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University of Worcester Hosts Series of Talks at World-Renowned Hay Festival

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A series of talks, exploring mental health, universities in the 21st Century, and the Women’s Institute are set to capture audiences at the hugely popular Hay Festival.

The University of Worcester is delivering a series of four talks at what is widely regarded as one of the world’s top literary festivals.

As part of the University’s 70th anniversary celebrations, the talks are aimed at engaging, inspiring and sharing some of the diverse and important work at Worcester.

The Hay Festival is now in its 29th year and over 10 days in May and June attracts over 250,000 visitors to the small Herefordshire town of Hay-on-Wye.

The University of Worcester series of talks begins on Tuesday, May 31 at 10am with Professor Maggie Andrews on ‘The Acceptable Face of Feminism: 100 Years of the Women’s Institute’. Professor Andrews will explore the political and social initiatives that helped define the radical organisation since the First World War.

Then at 11.30am that day, Professor Jo Smith will deliver a talk entitled ‘The Shape We’re In: Building Good Mental and Emotional Health’. Professor Smith is a consultant clinical psychologist and will explore positive strategies for handling life’s many challenges.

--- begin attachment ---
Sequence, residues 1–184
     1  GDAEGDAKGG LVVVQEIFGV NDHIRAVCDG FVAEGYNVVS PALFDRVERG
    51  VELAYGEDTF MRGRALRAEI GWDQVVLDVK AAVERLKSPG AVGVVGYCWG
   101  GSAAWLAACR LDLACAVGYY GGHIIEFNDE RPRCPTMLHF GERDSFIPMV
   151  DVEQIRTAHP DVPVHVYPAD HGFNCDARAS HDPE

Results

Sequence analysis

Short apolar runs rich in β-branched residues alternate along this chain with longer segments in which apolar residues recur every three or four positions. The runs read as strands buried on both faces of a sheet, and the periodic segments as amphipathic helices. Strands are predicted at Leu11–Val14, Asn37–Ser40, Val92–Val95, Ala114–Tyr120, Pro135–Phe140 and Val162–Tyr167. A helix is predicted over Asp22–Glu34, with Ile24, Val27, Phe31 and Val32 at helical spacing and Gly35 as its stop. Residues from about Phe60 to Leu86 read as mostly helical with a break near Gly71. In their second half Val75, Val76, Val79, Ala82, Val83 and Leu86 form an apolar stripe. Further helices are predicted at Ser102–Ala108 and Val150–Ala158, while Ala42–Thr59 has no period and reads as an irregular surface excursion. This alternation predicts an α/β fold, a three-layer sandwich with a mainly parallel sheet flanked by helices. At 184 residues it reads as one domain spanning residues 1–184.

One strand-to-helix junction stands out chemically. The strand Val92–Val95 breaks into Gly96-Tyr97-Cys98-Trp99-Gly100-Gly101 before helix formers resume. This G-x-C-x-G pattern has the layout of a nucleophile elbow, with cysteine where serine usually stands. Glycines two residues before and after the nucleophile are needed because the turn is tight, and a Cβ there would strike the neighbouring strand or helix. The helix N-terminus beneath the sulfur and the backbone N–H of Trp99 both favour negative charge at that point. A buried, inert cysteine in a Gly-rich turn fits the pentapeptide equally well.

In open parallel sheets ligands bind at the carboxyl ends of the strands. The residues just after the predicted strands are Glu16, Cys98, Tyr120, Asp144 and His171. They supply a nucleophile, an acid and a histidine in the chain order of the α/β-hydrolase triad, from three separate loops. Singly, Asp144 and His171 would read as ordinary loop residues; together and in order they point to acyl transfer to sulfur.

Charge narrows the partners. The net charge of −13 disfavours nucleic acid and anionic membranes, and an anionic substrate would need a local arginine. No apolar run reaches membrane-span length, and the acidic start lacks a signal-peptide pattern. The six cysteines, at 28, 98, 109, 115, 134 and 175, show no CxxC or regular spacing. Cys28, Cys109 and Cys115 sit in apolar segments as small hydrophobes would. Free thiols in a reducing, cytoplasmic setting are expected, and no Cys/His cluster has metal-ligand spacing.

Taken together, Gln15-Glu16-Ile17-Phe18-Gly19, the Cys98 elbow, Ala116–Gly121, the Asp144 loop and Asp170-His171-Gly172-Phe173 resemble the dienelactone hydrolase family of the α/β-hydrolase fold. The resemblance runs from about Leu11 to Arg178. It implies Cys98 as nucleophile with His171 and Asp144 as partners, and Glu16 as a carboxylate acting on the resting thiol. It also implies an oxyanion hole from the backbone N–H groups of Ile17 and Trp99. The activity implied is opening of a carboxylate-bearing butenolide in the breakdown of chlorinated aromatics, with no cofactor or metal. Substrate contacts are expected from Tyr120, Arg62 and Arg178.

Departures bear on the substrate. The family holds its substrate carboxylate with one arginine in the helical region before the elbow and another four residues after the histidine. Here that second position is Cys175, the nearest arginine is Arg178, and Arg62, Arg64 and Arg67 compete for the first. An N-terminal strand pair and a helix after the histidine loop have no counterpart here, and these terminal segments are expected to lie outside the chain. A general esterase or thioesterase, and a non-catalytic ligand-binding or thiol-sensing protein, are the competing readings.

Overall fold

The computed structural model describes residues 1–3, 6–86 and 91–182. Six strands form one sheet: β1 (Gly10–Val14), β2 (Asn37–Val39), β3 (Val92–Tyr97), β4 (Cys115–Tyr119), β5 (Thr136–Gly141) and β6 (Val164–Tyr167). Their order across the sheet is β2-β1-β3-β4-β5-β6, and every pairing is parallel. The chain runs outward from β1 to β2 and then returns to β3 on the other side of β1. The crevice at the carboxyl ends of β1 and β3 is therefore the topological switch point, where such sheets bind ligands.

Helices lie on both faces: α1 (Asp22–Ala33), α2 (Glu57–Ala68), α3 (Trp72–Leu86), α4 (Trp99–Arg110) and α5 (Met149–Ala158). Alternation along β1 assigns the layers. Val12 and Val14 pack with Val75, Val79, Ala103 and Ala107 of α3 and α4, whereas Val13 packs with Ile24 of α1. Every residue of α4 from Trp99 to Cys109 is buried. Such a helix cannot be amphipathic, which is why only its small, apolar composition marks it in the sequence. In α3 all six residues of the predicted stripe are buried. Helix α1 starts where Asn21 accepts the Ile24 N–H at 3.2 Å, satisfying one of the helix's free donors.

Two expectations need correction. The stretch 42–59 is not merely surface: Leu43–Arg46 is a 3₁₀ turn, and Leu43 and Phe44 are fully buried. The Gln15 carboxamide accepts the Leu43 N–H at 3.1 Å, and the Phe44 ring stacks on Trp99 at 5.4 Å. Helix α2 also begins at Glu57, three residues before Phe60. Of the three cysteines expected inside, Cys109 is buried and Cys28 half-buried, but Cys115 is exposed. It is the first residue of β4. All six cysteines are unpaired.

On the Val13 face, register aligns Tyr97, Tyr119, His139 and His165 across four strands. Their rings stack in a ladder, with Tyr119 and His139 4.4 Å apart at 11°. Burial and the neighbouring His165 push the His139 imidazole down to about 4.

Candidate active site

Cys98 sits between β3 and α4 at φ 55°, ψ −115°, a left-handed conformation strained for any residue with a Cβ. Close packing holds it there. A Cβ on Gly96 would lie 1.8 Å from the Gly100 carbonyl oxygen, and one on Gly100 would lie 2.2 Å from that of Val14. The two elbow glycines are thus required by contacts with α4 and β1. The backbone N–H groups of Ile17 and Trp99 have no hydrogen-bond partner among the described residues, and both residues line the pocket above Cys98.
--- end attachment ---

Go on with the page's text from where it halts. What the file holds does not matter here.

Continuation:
On Wednesday, June 1, at 1pm, Professor David Green, Mick Donovan and Anne Hannaford will host a panel session on ‘Universities in the 21st Century: More and Better?’ They will explore how universities should work for the public good, drawing on the work at Worcester in developing The Hive and the University of Worcester Arena.

The series concludes on Thursday, June 2 at 10am with Professor Lisa Jones and colleagues from the Bipolar Disorder Research Network, who will be discussing our understanding of the condition. The session is titled ‘Exploring the Poles: In Search of a Deeper Understanding of Bipolar Disorder. They will consider factors that can lead to both mania and depression, and examine recent and future advances in the treatment of this mental illness.